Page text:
29 May 2012

Coca Cola Anarchist

Coca Cola Anarchist by B Wardlaw, 2010

Mammon Review:

Born with a silver spoon, B Wardlaw, whose investor grandfather birthed a fortune helping Atlanta banker Ernest Woodruff take Coke public in 1919, was raised in Atlanta in an idyllic Southern countryside with room to roam and black servants that he grew to love as family. B came of age during the 1950s where the Southern social order was very stratified and structured, especially amongst the privileged. B embodies the rise of the Beat generation, rejecting class privilege through social activism and poetry, challenging social norms through the Vietnam and Reagan eras and the present, and grappling with the privilege to be rebellious against a system from which this privilege is derived and perpetuated. The pie incident was brilliant, and his homeless advocacy is admirable. An insightful book on many levels.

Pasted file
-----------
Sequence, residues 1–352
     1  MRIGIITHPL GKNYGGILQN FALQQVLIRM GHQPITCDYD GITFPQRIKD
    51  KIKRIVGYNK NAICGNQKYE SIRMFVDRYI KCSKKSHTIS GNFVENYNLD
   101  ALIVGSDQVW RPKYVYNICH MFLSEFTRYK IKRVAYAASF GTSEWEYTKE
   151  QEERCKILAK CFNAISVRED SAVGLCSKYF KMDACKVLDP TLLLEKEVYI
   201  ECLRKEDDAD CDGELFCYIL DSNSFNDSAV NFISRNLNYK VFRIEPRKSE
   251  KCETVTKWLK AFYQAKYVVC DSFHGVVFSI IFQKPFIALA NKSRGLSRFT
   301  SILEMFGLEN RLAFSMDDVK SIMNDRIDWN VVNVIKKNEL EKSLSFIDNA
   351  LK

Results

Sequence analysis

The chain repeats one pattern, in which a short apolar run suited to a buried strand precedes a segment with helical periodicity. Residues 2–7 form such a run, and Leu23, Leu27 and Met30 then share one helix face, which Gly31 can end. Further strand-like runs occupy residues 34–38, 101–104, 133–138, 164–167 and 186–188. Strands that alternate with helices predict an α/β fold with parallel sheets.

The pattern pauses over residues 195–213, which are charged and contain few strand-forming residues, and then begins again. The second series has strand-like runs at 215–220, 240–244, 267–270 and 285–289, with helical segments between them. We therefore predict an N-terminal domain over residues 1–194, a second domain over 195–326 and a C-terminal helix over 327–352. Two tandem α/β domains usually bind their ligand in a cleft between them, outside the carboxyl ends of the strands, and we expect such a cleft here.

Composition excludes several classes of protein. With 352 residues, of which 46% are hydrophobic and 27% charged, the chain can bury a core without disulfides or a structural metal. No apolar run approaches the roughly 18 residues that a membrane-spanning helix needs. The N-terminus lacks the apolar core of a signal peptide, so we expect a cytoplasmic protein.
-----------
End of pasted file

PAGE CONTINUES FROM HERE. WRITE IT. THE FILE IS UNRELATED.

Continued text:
I met B once at his daughter’s [J] house party. With a badass attitude and a sharp tongue to match, J definitely carries the Wardlaw torch, burn baby burn.

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